Image Abobe: Mick Clayton
Following publication of the English government’s COVID-19 recovery strategy document, GQA Qualifications has rolled out clear new guidance to its network of over 100 approved centres. The guidance aims to minimise disruption and inconvenience for students whilst simultaneously maintaining and monitoring the validity and integrity of qualifications sought.
Mick Clayton, the organisation’s Chief Executive Officer says:
“In its strategy document the English government made it clear that the construction sector should be operational, albeit safely. For the fenestration industry this means that employees should be able to continue to pursue qualifications and upgrade or improve their knowledge during the virus crisis.
“In our guidelines for our approved centres we have drawn attention to the need for flexibility from assessors. For example there is a lot of technology that can be used to help reduce the need for physical visits or meetings. Assessors can pick one of several tools such as audio recordings, Skype, WhatsApp, Zoom and other platforms to record question and answer sessions or professional discussions. Additionally, we have guidance on how remote video and photography can be used as evidence of practical activities. We are also advising assessors to encourage candidates themselves to submit photographic/video evidence and detailed personal statements on work carried out so that assessors can use one of the tools above to ask relevant underpinning knowledge questions.
“Other areas covered in our guidelines include for example using communications technology to gather meaningful witness testimonies from supervisors. As many centres move away from traditional, hard copy portfolios, other options are encouraged such as e-portfolio, uploading to GQA online and scan then email.
“Here at GQA we are confident that many of the suggested ways of working during this time will be continued going forwards. Indeed, some of the feedback we have had has been along the lines of ‘We will probably be asking ourselves why weren’t we doing this before?’ We’re also very pleased to report that our guidelines have been warmly received by our approved centres.”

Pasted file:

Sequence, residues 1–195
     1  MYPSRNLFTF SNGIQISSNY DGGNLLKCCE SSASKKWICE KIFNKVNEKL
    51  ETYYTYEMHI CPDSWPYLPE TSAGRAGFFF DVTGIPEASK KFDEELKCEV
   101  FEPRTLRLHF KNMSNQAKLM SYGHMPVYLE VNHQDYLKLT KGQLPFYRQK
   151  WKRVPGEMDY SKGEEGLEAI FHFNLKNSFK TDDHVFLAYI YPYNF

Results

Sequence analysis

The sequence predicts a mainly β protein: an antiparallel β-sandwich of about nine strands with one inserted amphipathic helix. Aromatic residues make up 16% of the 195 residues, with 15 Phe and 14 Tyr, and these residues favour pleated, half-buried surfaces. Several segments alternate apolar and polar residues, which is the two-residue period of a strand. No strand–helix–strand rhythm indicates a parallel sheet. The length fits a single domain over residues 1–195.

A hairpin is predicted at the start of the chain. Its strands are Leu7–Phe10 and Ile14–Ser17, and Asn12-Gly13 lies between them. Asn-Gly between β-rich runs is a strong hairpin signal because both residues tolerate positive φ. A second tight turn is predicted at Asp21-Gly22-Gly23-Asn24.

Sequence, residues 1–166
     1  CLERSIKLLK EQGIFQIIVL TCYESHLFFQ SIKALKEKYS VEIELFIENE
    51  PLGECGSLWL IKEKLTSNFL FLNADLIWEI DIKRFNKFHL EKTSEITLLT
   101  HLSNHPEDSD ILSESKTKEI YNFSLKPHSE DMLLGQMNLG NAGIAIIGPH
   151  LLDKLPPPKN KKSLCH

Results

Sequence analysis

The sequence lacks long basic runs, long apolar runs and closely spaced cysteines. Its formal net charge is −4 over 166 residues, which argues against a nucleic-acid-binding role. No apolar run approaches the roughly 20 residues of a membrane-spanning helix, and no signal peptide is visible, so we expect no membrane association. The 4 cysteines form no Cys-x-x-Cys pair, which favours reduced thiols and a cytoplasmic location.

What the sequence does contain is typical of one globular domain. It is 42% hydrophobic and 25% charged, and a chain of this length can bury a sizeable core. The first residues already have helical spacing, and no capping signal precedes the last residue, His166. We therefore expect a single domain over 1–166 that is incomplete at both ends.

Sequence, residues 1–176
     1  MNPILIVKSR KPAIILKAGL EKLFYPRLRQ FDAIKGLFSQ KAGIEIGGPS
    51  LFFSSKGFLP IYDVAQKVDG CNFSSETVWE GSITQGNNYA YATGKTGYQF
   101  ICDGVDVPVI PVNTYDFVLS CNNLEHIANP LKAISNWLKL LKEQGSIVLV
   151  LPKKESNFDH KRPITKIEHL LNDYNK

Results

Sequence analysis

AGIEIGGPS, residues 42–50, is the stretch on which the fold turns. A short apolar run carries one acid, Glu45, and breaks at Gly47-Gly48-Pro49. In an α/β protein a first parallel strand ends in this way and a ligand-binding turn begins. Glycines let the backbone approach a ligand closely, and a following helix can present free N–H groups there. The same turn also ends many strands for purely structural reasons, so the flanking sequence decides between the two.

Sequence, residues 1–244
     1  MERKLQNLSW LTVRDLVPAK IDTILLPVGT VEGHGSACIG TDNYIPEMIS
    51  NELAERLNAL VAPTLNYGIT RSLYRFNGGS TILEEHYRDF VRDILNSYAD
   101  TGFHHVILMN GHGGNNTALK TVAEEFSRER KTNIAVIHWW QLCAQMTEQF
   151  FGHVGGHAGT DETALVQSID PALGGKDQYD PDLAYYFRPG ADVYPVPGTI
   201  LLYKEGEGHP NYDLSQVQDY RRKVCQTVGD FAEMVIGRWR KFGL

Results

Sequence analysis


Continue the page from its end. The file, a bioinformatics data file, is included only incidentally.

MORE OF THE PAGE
Testimony of this appreciation has come from comments such as the one received from Jim Swainston at the GQA approved centre, Northern Skills Group, the commercial training arm of Middlesbrough College:
“The college works with a number of awarding organisations, and in a cross-department meeting the guidance given by GQA was identified as being extremely useful, and it was good to see that GQA was being proactive and prompt in issuing clear and comprehensive advice.”
As well as the guidance for onsite assessment, GQA Qualifications has also issued some clear additional advice to centres around classroom delivery to ensure social distancing and other measures to protect the safety of centre staff and candidates.
Working towards qualifications and identifying learning opportunities remain important during the pandemic, and GQA’s network of over 100 approved centres is key to facilitating qualifications attainment, not just in England, but Scotland, Wales and Northern Ireland also.
More information on GQA is available at www.gqaqualifications.com.